lessons we learn, lessons we teach

Nearly a month ago – when I decided to stop being overly philosophical for the holidays – I wrote this:

The definition of female beauty – or the you can never be too thin mentality – is based on a male dominated society which seeks to repress women’s power. Or so some people think. I’ve got mixed feelings about this. I get where the idea is coming from but I’m not sure it’s still true today. But then again, when models are pre-pubescently thin and featureless is that a way of saying women should be children? Small, weak, powerless?

This is a big part of at least the beginning of When Women Stop Hating Their Bodies. I mean, I get that we come from a male dominated society, particularly looking at it from the early 20th century. But is it really reasonable to say that our issues with our bodies are “an outgrowth of a culture that makes women feel inferior” or is that a thing of the past?

Apparently I live in the land of wishful thinking. I want to believe that we are past that period of our history where women feel inferior. We don’t pass that on to our daughters anymore, do we? The world – at least within our culture and similar cultures – would agree with me, right? Women are equal, at the least, and certainly not inferior. Okay, so I am aware there is still a serious problem with pay equity. So, okay that part is still an issue. But I don’t want to focus on that part. I want to just skip ahead to fixing my own thinking.

But then I ran across THIS. It won’t let me embed the video but please do follow the link. It is so worth it.

This young woman could easily be my daughter. What would I be teaching my daughter, if I had one, with my fixation on weight and eating and seeing my size and appearance as a measure of my worth? What would my daughter learn about herself from watching me?

“You have been taught to grow out, I have been taught to grow in.”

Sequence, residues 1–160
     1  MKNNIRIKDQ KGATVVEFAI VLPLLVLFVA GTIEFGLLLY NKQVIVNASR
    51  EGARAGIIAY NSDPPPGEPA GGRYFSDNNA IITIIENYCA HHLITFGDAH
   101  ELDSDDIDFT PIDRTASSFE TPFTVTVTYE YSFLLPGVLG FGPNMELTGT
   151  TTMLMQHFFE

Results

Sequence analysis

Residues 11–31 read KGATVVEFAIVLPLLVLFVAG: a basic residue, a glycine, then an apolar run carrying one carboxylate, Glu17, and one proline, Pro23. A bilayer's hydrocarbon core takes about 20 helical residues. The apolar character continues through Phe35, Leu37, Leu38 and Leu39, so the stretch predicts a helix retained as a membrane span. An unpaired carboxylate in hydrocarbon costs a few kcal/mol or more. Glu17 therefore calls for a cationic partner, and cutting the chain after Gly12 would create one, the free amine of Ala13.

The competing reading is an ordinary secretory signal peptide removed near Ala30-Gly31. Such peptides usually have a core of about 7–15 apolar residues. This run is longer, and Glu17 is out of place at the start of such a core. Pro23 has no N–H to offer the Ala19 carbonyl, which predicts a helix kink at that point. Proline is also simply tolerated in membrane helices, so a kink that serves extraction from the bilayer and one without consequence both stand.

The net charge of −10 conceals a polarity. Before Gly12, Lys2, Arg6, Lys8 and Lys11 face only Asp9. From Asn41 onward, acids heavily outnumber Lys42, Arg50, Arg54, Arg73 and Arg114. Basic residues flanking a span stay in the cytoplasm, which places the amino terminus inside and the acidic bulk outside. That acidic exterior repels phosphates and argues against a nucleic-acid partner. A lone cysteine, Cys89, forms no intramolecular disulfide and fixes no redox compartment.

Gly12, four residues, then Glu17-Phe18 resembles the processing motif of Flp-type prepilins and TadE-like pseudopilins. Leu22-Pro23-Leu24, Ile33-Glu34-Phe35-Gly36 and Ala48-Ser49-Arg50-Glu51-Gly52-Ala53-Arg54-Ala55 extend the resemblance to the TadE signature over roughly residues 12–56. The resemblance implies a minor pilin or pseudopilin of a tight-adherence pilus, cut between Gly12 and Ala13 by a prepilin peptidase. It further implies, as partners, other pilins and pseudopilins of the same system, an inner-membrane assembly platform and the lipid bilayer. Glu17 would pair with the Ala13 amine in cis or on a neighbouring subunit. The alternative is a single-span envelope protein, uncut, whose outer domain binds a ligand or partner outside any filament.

I know you won’t all watch the video, so read the text but know you will be missing a vital piece. Hearing those words makes me cry. Hearing these words reminds me of the lessons I learned from my own mother.

Across from me at the kitchen table, my mother smiles over red wine that she drinks out of a measuring glass.
She says she doesn’t deprive herself,
but I’ve learned to find nuance in every movement of her fork.
In every crinkle in her brow as she offers me the uneaten pieces on her plate.
I’ve realized she only eats dinner when I suggest it.
I wonder what she does when I’m not there to do so.

Maybe this is why my house feels bigger each time I return; it’s proportional.
As she shrinks the space around her seems increasingly vast.
She wanes while my father waxes. His stomach has grown round with wine, late nights, oysters, poetry. A new girlfriend who was overweight as a teenager, but my dad reports that now she’s “crazy about fruit.”

It was the same with his parents;
as my grandmother became frail and angular her husband swelled to red round cheeks, round stomach,
and I wonder if my lineage is one of women shrinking,
making space for the entrance of men into their lives,
not knowing how to fill it back up once they leave.

I have been taught accommodation.
My brother never thinks before he speaks.
I have been taught to filter.
“How can anyone have a relationship to food?” he asks, laughing, as I eat the black bean soup I chose for its lack of carbs.
I want to say: we come from difference, Jonas,
you have been taught to grow out,
I have been taught to grow in.
You learned from our father how to emit, how to produce, to roll each thought off your tongue with confidence, you used to lose your voice every other week from shouting so much.
I learned to absorb.
I took lessons from our mother in creating space around myself.
I learned to read the knots in her forehead while the guys went out for oysters,
and I never meant to replicate her, but
spend enough time sitting across from someone and you pick up their habits-

that’s why women in my family have been shrinking for decades.
We all learned it from each other, the way each generation taught the next how to knit,
weaving silence in between the threads
which I can still feel as I walk through this ever-growing house,